Ag workers are eligible for COVID-19 vaccines on Monday

This 2014 photo shows an truck being loaded during harvest time at an onion packing shed in Nyssa.


Oregon Gov. Kate Brown has moved ahead the vaccination prioritization timelines, and giving the green light for all Oregonians age 16 and older to be eligible for COVID-19 vaccination by May 1, according to a press conference on Friday.

Additionally, agriculture workers have been given the flexibility to begin getting vaccinated as of Monday.

“This is great news for Malheur County, whose economy relies heavily on the health and well-being of these valued and essential workers,” Malheur County Health Department Director Sarah Poe said in a news release. “We are ready to begin vaccinating this population and have been working with food processors and onion sheds to make plans for scheduling vaccines at worksites throughout the county.”

Speeding up eligibility, moving the county to a different size for risk assessment and changing county risk metrics to match the recently updated guidance from Oregon Department of Education, were among requests sent to the governor's office by Poe and Malheur County Judge Dan Joyce on Friday.

“We have plans to continue weekly vaccine clinics, to support additional health-care providers and pharmacies, and to start taking vaccine to locations where disproportionately affected populations live and work. This includes very rural communities, onion sheds, and organizations that serve people experiencing houselessness. This takes a great effort logistically, especially to not waste doses when vials are opened,” the letter states.

Also requested was the removal of the prison COVID-cases from the county’s overall population count when determining the county’s risk level, which currently is put at moderate.

Although the inmates do reside at Snake River Correctional Institution, in Ontario, the letter states that “they are not contributing to community spread.”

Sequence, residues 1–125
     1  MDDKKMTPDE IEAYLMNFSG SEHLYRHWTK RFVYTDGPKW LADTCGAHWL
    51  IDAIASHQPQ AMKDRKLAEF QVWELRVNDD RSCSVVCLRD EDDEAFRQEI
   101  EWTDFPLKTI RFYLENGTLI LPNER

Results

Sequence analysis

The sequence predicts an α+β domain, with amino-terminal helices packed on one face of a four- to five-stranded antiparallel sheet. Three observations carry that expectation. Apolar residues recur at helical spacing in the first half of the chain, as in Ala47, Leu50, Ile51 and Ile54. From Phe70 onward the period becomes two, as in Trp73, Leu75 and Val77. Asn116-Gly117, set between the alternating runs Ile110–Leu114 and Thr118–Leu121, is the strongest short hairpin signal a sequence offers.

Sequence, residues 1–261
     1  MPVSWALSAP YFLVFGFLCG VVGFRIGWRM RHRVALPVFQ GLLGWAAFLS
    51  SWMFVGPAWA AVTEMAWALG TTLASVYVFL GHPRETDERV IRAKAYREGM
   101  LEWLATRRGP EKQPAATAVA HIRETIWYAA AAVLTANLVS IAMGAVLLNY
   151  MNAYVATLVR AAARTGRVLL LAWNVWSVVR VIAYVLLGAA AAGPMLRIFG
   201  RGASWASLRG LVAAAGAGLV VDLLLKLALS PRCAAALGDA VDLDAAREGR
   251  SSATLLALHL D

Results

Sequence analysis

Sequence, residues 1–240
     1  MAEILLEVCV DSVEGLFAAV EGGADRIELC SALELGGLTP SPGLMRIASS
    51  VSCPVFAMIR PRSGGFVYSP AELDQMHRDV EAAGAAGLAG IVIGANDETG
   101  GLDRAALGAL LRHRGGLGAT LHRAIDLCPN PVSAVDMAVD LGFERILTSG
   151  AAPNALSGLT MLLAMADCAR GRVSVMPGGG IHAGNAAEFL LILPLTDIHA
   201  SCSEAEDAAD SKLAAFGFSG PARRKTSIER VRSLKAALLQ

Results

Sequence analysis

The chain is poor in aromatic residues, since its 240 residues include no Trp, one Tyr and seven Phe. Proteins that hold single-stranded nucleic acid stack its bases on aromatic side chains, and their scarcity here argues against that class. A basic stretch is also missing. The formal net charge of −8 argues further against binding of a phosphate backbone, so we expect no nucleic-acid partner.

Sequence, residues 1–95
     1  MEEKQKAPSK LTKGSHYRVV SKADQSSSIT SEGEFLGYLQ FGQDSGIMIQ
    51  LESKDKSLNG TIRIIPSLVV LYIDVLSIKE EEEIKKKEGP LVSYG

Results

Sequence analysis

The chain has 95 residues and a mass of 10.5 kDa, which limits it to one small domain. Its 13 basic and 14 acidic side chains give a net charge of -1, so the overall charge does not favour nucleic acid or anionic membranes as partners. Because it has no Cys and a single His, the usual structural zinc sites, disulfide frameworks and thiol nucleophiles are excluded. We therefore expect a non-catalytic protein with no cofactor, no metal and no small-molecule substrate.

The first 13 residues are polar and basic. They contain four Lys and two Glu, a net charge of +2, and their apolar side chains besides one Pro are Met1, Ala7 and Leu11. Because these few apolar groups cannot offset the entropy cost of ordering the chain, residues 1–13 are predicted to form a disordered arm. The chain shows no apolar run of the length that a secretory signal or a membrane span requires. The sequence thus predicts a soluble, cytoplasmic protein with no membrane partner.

Removing those inmates from the county’s population would be more equitable when considering cases in the county, the letter indicates.

“The metrics seem to be divided by county size to be fair and in this unique situation, Malheur is unfairly considered a large county without the same risks and population outside of SRCI.”

In the meantime, Brown said those counties which can show they have largely finished vaccinations for Oregonians over 64 may start giving vaccinations to people 45 and older with underlying conditions and groups most vulnerable to the virus. Starting on April 19, all front-line workers and people with underlying conditions ages 16 to 44 will be able to get vaccinated. 

“The Oregon Health Authority tells me that, provided supplies come in from the federal government as anticipated, we expect to have enough doses for every Oregonians who wants a vaccine to have the opportunity for at least the first dose by the end of May,” Brown said at a new conference on Friday.  “That makes me smile. I hope It does for you to. The future’s looking brighter every day.”

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